20 Jul Accountable for what?
When we talk about accountability we are, by necessity, drawn into the world of law. The word “accountable”, meaning “responsible; answerable” (Black’s Law dictionary 9th ed.), evokes the idea that we must pay the piper for unmet promises. Accountability is a cornerstone of how our society works. That’s why the statutory and common law cover most conceivable promises, in work, in marriage, in death. It seems, however, that accountability for environmental impacts and decisions related to them are becoming increasingly elusive.
Consider the following situations that occurred within the last year in Alberta:
- Nexen Inc. has applied to Alberta Environment (no decision has been made yet) to divert 17,000 cubic metres of water a day from the Clearwater River. This, after indicating in its original application (and accompanying environmental assessment) for the SAGD Long Lake Project (Phase 2) indicated only groundwater would be used for the process. See “Nexen’s ‘bait and switch’ means trouble for the Clearwater river.“
- Capital Power has applied to amend its approval for the Genesee 3 coal plant to remove a condition that it voluntarily entered into to offset their green house gas emissions by 50 percent. Again no decision has been made as of yet. The obligation was written into section 10 of their approval (Go to and search for Application No. 1605976) See “Capital Power breaks a key promise to Albertans.”
- Leave to the Alberta Court of Appeal was denied in relation to Shell’s alleged breach of a voluntary agreement related to greenhouse gas emissions made with the Pembina Institute and the Toxics Watch Society of Alberta related to its Jackpine and Muskeg River Oil Sands mines. The Energy Resources Conservation Board upheld Shell’s approvals notwithstanding this breach of the agreement with a third party. See “Court ruling demonstrates oil sands review process broken.”
In each case there was a promise that was related to a regulatory approval process and in each case the companies have decided that promises in the past should be left in the past. It appears that being “responsible” or “answerable” in these instances is limited to shareholder return.
It should come as no surprise then that environmental non-government organizations view collaborative decision making processes and voluntary agreements with companies with increasing cynicism. The constant alteration of promises should also raise alarms for regulators; such promises being cited to justify projects as being in the “public interest” notwithstanding significant environmental impacts.
A central issue in all these cases is that there is no legal remedy to address the abandoned promises. Granted, decisions have yet to be made for both the diversion of the Clearwater River and the Capital Power amendment. Government discretion exists to refuse the applications: a result that may still come to fruition. However, there are no substantive legislative provisions addressing the issue of broken promises.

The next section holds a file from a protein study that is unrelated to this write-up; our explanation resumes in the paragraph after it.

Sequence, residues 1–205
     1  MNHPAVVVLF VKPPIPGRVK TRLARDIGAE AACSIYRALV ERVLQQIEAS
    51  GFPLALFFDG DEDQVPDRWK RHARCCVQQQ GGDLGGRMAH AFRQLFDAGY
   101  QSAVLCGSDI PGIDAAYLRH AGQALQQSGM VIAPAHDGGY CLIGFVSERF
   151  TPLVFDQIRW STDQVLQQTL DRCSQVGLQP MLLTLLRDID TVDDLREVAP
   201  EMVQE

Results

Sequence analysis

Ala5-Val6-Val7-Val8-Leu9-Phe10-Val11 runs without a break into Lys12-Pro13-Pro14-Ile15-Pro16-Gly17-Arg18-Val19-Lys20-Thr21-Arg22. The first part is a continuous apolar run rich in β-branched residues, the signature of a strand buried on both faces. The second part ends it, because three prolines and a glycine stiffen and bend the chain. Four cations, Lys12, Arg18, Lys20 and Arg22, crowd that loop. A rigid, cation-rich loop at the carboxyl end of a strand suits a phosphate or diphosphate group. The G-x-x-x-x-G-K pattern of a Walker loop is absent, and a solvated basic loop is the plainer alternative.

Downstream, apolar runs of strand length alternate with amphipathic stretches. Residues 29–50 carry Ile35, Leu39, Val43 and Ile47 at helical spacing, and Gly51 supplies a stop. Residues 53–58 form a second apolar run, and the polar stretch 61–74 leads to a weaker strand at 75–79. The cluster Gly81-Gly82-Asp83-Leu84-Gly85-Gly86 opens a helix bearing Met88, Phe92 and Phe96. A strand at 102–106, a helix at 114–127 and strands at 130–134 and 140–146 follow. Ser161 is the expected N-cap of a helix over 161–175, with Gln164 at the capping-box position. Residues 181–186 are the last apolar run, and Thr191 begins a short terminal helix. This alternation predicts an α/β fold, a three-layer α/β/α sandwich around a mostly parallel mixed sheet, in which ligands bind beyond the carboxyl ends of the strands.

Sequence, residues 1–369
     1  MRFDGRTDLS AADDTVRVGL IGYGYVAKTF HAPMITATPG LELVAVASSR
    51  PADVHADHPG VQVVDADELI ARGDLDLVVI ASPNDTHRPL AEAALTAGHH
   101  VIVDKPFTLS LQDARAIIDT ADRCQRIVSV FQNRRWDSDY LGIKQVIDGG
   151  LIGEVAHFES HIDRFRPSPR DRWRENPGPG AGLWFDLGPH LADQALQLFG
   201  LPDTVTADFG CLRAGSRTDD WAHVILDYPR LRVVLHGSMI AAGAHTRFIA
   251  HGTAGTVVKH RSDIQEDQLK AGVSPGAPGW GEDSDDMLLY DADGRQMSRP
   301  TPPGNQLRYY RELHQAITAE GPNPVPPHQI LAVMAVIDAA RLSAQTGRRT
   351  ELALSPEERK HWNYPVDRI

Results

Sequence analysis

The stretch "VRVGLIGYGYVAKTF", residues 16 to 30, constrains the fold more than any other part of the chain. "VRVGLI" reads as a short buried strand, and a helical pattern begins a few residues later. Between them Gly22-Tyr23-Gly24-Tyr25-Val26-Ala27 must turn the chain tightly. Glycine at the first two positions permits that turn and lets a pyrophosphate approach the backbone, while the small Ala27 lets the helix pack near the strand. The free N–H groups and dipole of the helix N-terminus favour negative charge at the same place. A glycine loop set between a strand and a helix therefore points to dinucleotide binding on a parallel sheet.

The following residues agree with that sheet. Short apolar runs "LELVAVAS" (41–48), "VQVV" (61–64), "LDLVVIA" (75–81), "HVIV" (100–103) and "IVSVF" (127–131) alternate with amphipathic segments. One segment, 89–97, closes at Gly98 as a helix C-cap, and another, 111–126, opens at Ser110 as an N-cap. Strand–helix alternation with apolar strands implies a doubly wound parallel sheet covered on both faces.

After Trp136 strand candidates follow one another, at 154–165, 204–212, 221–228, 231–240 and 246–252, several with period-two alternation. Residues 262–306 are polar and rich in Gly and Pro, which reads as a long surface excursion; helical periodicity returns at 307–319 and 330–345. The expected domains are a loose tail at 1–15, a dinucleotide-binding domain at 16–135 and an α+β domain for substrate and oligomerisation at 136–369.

Further, considering the money invested once a project is underway, these companies are able to wield the “big investment club” against future discretionary decisions of regulators. So what is one to do when accountability for promises changes with the tide?
There are two primary legislative changes that would facilitate avoidance of these issues in the future. First, legislate citizen suits similar to those in the United States. This would allow private parties to force regulator action in relation to non-compliance with legislation and approvals. This would require corresponding amendments to include substantive provisions limiting government discretion in how it responds to changing promises.
Citizen suits can assist in combating agency capture by providing a level of public “policing of the police” on environmental matters. These suits could also be used to address enforcement shortfalls arising from resource deficits in government agencies. (For further reading see Matthew D. Zinn’s article “Policing Environmental Regulatory Enforcement: Cooperation, Capture, and Citizen Suits” (2002) 21:1 Stanford Environmental Law Journal 81.) (Zinn describes capture theory (i.e. agency capture) as viewing “regulators as subject to myriad pressures and incentives that push regulatory choices in the direction desired by regulated industry” at 108.)
The second legislative change should codify remedies for third party agreements related to regulatory approval processes. This, in effect, would recognize the legal rights of third parties in negotiating voluntary agreements and their relevance to regulatory processes.
These legislative changes, in turn, may either (a) limit the number of voluntary agreements and their use in justifying public interest decisions, or (b) ensure parties are accountable for promises made.Share this: